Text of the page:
How to choose the best truffle oil and truffle cheese?
The Dairy Produce Hall is filled with a variety of truffle products, from infused truffle oils to truffle Himalayan salts and sweet truffle honey.
When it comes to choosing a good quality truffle cheese, it’s all about balancing flavours. The earthy truffle flavour should complement the cheese, not overpower it. Look for truffle ‘veins’ through the cheese instead of flecks of truffle. This creates the perfect blend of truffle and cheese.
For Kon, it’s all about the provenance’ or where the product comes from. His focus is on high-quality truffle products from trusted suppliers and offers a range of truffle oils, salsas and cheeses.
If you’re just starting out on your truffle journey, Fiona believes it doesn’t have to cost a lot to try good quality truffle ingredients. Kon recommends starting with a small truffle oil (around $12) or truffle salsa (a mix of truffles, mushrooms and truffle oil for around $25). Small bottles will also be used more quickly than larger bottles, ensuring the oil keeps its potency (which can fade over time).
Need a hand choosing which truffle oil or cheese to use? Visit Kon or Fiona in the Dairy Produce Hall for their advice.
“We’re foodies,” says Kon, who also has industry experience working with truffles in restaurants. “We have exposure to the product, but we also understand how to best use it.”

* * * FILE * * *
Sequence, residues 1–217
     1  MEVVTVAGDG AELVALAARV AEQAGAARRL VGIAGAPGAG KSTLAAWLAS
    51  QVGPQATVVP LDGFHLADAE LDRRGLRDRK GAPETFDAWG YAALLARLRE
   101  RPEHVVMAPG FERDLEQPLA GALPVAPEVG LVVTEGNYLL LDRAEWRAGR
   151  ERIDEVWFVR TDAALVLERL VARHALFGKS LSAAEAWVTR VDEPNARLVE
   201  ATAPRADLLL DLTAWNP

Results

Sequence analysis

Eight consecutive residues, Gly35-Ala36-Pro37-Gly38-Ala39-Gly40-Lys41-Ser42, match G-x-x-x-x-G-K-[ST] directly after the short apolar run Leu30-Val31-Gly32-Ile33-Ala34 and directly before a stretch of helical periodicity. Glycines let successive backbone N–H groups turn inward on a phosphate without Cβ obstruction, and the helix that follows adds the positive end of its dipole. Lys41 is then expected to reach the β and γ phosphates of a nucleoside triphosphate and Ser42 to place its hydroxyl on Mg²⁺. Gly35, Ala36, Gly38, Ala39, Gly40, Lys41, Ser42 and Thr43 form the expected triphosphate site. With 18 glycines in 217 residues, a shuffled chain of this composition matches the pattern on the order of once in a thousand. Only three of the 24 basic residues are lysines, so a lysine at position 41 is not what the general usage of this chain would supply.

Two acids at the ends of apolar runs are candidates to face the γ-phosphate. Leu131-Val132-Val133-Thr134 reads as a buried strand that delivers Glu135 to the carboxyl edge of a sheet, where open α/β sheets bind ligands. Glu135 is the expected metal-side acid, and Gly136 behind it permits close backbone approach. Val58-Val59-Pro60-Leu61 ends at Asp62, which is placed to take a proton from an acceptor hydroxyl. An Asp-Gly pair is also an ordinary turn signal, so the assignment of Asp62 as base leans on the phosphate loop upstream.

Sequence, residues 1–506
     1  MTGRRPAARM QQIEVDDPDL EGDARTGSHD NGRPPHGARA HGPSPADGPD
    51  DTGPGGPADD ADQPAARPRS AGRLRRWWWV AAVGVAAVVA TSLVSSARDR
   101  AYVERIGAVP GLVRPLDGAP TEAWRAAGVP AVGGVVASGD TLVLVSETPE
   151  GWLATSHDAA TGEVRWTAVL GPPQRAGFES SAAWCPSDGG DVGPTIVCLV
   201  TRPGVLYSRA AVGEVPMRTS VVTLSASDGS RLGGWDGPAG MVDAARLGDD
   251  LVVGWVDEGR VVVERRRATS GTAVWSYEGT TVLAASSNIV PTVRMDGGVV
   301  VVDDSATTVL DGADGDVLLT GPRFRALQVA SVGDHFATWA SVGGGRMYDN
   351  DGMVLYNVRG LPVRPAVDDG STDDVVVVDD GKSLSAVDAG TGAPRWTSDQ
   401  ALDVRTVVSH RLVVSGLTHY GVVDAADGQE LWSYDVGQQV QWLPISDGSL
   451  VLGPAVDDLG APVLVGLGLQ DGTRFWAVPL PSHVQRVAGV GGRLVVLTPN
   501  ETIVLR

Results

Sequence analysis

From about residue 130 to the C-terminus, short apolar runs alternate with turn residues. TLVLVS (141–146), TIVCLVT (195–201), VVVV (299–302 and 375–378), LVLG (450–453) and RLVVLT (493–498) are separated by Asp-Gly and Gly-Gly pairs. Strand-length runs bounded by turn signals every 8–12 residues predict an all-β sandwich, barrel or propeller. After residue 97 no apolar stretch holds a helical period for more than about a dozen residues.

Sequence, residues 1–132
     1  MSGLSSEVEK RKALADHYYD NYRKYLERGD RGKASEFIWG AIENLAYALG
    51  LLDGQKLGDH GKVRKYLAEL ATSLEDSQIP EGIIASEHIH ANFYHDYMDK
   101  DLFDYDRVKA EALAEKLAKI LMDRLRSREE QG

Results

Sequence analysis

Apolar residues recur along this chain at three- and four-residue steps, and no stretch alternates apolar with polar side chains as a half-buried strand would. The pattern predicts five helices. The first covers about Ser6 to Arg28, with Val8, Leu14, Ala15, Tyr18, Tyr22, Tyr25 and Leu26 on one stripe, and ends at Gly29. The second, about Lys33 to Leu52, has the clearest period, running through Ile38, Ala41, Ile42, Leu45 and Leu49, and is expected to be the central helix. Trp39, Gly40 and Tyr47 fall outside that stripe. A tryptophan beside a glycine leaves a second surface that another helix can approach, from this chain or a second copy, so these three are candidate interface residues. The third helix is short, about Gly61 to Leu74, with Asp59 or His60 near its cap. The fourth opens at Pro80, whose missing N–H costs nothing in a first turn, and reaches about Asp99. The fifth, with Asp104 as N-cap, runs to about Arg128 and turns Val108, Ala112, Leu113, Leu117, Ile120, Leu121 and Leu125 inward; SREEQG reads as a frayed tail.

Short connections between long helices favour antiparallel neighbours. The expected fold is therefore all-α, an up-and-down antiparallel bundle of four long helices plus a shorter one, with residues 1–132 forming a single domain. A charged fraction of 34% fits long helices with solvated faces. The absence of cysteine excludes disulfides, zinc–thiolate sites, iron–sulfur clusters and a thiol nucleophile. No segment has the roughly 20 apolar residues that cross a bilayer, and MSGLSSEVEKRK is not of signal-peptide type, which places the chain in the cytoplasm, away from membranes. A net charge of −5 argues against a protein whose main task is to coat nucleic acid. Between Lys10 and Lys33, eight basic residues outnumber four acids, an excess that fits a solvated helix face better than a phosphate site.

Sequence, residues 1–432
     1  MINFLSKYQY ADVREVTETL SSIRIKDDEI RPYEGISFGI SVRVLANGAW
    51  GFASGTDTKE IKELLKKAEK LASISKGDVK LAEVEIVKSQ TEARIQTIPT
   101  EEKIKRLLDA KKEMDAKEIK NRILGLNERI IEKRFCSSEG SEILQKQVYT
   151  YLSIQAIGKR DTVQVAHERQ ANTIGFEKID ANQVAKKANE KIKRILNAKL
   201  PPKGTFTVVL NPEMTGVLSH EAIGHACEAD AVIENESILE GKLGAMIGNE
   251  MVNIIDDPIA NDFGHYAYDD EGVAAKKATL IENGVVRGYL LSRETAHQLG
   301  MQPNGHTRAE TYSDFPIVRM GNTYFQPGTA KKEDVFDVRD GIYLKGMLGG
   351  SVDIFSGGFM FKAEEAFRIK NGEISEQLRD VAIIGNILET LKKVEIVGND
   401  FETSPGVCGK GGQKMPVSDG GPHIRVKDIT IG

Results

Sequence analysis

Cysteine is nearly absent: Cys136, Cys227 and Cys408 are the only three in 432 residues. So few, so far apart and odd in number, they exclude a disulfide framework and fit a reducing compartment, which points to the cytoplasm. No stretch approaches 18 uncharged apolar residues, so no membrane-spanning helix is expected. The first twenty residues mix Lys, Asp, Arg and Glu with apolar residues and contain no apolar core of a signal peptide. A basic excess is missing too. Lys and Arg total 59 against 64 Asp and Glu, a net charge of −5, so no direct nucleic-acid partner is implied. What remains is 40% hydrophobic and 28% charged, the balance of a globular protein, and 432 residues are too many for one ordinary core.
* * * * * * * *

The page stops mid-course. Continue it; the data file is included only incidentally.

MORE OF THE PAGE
How to cook with truffle
For an easy, three ingredient afternoon snack, try Fiona’s truffle cheese melt.
“One of my favourite things is to shave truffle Manchego cheese onto buttered bread, then toast it and add a drizzle of honey. With a cup of tea in the afternoon, it’s beautiful.”
Fiona also says to “read, read, read!” Looking up different truffle recipes will give you an even better idea of how to choose the right truffles for cooking.
Rocco’s top tip for making the most of fresh truffle and elevating any egg dish is to store fresh truffle in a container with a couple of fresh eggs, allowing the flavour and aroma to infuse into the egg. When you cook the eggs (however you like them), add a few shavings of fresh truffle on top to really make the most of the fresh truffle.
“It’s a handy way to get good value out of your truffles – you get truffle eggs without really using the truffle. And it adds an extra element to the dish, a little bit like chilli.”
Kon agrees truffle adds a luxurious dimension to a pasta, scrambled eggs and risotto, but some truffle products shine best on their own.
“With something like a truffle salami, you just enjoy it on its own.” Try adding some truffle salami to level up your charcuterie board.
Find all the truffle ingredients you’ll need in our truffle season blog.
Find out more on the Queen Vic Market Ultimate Truffle Tour
Explore a range of truffle cheeses, salami, honey, infused oils and more on this special truffle trail through the historic Market food halls and learn more about all things truffle.
Bookings are essential, click here to secure your spot!